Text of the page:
Above the main room sits a huge screen playing footage from some of Amy’s past performances, including her set at the 2008 Grammys (her five awards from the year prior are sat in a display case just underneath).

The fashion section, displaying garments that Amy wore to key performances against a backdrop of screens examining her unique style.

The fashion section, displaying garments that Amy wore to key performances against a backdrop of screens examining her unique style. Photography by Ed Reeve

A large display is also dedicated to Amy’s visual style, with the original outfits she wore during performances taking pride of places on tiered platforms. Surrounded by visions of Amy in Moschino, Roberto Cavalli and John Galliano, visitors can map out the singer’s style evolution and the emergence of her signature bold eyeliner and beehive hairdo. These outfits are positioned in relation to the later work of designers, such as Karl Lagerfeld and Chanel, who paid homage to Amy on the runway.

Amy: Beyond the Stage also makes sure to include multiple immersive experiences throughout the exhibition, created by set designer Chiara Stephenson, with digital design by Luke Halls Studio and artwork by Studio Moross. Step inside a recording studio inspired by Metropolis, the space where Back to Black was recorded, and experience a huge finale to round off the exhibition.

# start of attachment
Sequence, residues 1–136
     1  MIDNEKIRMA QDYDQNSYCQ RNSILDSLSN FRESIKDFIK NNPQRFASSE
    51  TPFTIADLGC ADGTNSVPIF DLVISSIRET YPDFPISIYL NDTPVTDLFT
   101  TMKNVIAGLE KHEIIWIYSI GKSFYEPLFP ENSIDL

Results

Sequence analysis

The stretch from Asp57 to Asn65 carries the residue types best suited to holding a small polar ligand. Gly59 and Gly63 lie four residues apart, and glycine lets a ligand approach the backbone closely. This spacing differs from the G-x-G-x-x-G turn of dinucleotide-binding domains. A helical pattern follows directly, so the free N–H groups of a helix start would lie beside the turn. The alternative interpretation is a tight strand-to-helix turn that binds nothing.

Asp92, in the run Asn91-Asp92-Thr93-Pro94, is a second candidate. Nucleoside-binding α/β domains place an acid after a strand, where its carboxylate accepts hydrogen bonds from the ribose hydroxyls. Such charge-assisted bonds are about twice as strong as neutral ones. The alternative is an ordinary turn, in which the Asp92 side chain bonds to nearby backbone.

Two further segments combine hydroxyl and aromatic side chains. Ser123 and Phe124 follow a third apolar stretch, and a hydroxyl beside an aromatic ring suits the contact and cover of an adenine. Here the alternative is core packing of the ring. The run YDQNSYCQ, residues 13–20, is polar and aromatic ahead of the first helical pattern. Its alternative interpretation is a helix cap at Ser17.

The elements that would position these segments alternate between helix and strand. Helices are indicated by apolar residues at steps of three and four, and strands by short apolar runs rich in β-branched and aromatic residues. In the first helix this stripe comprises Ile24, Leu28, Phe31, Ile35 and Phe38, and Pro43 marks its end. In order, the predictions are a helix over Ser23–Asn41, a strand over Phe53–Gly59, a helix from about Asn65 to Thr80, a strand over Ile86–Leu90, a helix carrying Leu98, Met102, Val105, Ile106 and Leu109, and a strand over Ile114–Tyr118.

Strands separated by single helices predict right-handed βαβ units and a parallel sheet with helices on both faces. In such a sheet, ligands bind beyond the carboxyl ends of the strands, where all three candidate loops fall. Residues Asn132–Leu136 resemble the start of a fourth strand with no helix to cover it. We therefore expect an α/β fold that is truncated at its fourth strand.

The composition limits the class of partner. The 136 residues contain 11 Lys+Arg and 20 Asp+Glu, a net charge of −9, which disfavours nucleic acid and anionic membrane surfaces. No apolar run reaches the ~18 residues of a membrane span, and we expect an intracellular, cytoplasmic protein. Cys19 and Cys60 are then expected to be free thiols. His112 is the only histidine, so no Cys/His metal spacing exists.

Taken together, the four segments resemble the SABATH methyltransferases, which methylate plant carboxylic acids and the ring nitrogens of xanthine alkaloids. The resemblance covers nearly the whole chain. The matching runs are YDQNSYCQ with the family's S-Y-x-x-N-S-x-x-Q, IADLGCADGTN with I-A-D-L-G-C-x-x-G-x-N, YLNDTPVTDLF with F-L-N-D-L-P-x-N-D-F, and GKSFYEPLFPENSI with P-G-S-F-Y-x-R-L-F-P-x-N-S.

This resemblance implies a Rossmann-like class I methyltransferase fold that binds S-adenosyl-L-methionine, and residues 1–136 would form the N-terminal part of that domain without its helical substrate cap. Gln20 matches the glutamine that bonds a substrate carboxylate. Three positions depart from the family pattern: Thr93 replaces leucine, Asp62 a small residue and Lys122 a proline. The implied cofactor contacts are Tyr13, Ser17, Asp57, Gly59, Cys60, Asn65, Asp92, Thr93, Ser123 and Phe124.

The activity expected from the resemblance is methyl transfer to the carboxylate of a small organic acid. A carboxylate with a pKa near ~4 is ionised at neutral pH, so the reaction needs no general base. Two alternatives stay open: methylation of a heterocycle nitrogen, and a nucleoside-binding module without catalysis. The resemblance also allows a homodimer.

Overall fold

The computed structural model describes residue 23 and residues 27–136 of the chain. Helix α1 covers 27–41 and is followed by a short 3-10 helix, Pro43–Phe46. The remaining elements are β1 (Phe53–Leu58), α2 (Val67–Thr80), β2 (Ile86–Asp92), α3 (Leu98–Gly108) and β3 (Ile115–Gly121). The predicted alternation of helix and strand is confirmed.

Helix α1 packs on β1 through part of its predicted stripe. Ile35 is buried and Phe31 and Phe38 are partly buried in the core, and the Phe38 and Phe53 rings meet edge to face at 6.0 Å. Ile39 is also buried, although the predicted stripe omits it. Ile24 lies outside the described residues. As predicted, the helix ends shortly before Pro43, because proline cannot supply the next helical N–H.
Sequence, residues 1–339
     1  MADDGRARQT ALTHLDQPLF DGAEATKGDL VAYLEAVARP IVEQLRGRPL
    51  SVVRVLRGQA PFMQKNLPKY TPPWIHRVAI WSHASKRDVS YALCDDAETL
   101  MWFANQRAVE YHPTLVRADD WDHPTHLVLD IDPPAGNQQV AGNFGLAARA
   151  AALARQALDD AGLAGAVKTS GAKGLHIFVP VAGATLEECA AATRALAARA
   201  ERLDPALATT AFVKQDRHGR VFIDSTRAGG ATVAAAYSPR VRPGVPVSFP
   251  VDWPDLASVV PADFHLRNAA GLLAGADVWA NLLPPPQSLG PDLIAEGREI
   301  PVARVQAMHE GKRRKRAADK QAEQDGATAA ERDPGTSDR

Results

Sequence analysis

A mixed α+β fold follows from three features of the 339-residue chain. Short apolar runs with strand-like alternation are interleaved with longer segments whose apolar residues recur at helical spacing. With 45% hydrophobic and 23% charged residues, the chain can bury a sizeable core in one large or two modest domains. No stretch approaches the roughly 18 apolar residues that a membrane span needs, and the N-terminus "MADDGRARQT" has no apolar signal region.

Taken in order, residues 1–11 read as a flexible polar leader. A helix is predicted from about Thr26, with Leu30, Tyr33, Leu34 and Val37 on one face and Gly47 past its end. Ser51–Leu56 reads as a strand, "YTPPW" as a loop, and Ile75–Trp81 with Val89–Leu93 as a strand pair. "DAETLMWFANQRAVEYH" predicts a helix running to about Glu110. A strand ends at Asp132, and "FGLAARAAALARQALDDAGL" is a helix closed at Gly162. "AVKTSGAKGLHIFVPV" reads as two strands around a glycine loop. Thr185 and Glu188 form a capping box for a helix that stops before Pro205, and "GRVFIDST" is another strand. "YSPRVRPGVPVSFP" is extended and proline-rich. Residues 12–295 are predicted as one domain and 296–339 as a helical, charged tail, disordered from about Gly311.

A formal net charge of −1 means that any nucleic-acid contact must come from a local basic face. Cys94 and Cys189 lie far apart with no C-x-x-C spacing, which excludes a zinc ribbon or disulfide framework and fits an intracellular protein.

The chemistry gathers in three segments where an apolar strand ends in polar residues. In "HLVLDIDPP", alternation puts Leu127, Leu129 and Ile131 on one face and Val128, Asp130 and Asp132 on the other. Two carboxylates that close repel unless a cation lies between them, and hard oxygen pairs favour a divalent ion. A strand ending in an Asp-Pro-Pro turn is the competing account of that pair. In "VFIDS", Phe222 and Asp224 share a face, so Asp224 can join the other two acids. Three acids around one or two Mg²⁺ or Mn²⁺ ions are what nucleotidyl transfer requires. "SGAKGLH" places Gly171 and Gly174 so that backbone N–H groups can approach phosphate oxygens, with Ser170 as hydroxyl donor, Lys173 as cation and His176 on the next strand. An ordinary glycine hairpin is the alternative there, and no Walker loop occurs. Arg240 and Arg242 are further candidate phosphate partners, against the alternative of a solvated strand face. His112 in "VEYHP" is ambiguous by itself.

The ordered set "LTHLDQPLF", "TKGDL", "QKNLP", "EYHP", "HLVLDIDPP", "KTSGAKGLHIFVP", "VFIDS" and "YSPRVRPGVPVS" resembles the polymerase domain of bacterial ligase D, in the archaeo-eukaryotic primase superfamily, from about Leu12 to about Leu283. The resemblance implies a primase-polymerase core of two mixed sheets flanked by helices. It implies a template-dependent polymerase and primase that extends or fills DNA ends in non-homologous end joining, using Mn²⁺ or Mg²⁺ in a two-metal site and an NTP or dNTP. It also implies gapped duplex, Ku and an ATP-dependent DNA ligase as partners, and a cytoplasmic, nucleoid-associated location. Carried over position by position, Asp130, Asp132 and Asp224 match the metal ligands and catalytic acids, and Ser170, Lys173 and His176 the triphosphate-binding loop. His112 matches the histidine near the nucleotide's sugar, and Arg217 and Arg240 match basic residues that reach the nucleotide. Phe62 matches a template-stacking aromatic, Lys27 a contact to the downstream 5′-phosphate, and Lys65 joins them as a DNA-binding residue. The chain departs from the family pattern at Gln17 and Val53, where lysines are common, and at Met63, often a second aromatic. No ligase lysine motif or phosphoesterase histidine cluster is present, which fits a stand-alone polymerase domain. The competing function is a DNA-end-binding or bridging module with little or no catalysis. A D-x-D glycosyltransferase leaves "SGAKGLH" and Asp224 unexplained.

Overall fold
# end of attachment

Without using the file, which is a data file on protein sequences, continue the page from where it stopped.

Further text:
An installation called ‘In The Studio’, designed by set designer Chiara Stephenson and edited by Luke Halls Studio

An installation called ‘In The Studio’, designed by set designer Chiara Stephenson and edited by Luke Halls Studio. Photography by Ed Reeves

Titled Finale: Tears Dry On Their Own, the final segment creates an immersive audio-visual experience that ‘reinterprets Amy’s energy as a live performer through the lens of contemporary design’. Drawing inspiration from jazz bars – keep an eye out for the swag curtains and tasselled lampshades – the dark, mirrored room is transformed with a performance of Tears Dry On Their Own. Rich colours dance across a fabric screen, with vivid illustrations and swirling colours coming together to animate Amy as she performs with her band. Texture and movement build in intensity to match the pacing of the song, matched by a euphoric chorus that leaves audiences feeling on a high.

The Final Word

With a focus on the highs Amy achieved in her lifetime, Amy: Beyond the Stage surges with the life and vivacity that characterised so much of the singer’s work. Whether you’re a long-time fan or just dipping a toe in, this is an exhibition that will do anything but disappoint.

BOOK

Amy: Beyond the Stage will be showing at the Design Museum until 10 April 2022. Tickets are £14.50. For more information, please visit designmuseum.org

Featured image: An installation called ‘Finale’, designed by set designer Chiara Stephenson with animation by Studio Moross, offering visitors a performance of Amy’s song ‘Tears Dry On Their Own’. Photography by Ed Reeve